In November, Betfair launched its one-of-a-kind charity initiative, the ‘Rachael Blackmore - Serial Winners Fund’, to benefit both the Injured Jockeys Fund and Irish Injured Jockeys. The fund currently stands at £205,000 and is expected to reach £250,000 by Grand National Day, Saturday, April 13th, when the fund will draw to a close. This weekly column seeks to shed some light on how jockeys have, and will continue to benefit from, the work the IIJ and the IJF do, and some of the services this contribution will support.

Tell us about an experience where mental strength played a crucial role in overcoming a challenging situation in your career to date.

I had my first ride in Cheltenham at the November meeting in 2022. I was well fancied, but unfortunately my saddle slipped and I got unseated at the first.

I was annoyed at myself for a few hours after the race but reminded myself that it’s not going to be the last time something like that will happen in this game. I had to ride the following day so I knew I had to completely forget about it and concentrate on my next ride.

I also struggle with my weight. As a tall jockey, it takes a lot of discipline to keep your mind off food when you’re watching your weight. Maintaining this discipline and putting in the hard work makes riding much easier.

How do you maintain focus and stay resilient amid all the highs and lows?

I try not to let myself get too high. Racing will always bring you back down to where you were. In racing there are more lows than highs. Most jockeys’ strike rates are below 20%. I try not to let myself look back at what happened a week ago or even yesterday, I just keep moving forward.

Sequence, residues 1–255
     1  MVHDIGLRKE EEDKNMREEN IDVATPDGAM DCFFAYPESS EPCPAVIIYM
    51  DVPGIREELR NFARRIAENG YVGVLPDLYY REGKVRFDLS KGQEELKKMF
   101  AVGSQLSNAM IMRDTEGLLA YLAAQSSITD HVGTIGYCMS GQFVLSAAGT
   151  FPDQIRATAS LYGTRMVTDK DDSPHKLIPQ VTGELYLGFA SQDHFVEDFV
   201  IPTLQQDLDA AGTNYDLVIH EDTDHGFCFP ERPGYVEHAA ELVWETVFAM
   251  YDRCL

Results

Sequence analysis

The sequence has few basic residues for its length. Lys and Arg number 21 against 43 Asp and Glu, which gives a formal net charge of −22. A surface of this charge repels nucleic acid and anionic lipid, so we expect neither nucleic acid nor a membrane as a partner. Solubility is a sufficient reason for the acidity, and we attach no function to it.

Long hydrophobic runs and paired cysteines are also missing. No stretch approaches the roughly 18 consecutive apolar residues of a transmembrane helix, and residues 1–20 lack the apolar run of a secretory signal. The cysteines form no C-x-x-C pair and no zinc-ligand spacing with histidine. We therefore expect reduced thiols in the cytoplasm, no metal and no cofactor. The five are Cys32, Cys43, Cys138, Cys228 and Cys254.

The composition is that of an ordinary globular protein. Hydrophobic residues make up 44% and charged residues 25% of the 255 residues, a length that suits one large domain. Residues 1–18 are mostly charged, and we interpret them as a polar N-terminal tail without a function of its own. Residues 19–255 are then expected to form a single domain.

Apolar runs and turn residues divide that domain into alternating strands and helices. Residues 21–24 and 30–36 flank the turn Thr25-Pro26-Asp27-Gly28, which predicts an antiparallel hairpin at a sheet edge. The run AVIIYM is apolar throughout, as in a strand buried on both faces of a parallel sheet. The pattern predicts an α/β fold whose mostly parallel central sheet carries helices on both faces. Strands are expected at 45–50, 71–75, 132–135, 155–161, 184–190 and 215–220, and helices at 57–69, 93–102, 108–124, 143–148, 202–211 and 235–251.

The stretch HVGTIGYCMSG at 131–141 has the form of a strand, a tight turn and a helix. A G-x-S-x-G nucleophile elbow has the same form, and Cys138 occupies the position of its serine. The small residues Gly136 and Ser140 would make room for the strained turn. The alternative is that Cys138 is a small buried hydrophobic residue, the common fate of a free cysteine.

What techniques do you use to manage stress and pressure before and during a race?

Before a race, I’d look at the form of all the other horses and I’d have a look at the form of my horse as well. Riding in the bumpers as an amateur, a lot of horses have little form to go off, so all you can do is ride your own horse. I like to go for a swim and to the sauna the night before a race as well.

On the way to the track I like to listen to music to help calm me down, I listen to a bit of everything really. Once I arrive at the track I like to stretch and I try to walk the track. This helps to decrease stress levels. Once I am on the horse I’d only be thinking about myself and the horse and the race at hand.

How has the ability to bounce back from disappointments contributed to your overall success as a jockey?

On disappointing days, I’d feel bad on the way home, especially when a horse may not have run the way I had hoped or thought it would. Thankfully my Mam is always there when I get home with the dinner on, telling me tomorrow is a new day.

Are there specific mental exercises or routines you practice to enhance your mental strength?

I like to stay in a routine and I stretch as often as I can. I wouldn’t be too focused on the gym but I do like to do a bit of skipping while listening to music. I like to go into the sauna for about 10 to 15 minutes and then jump straight into the plunge pool.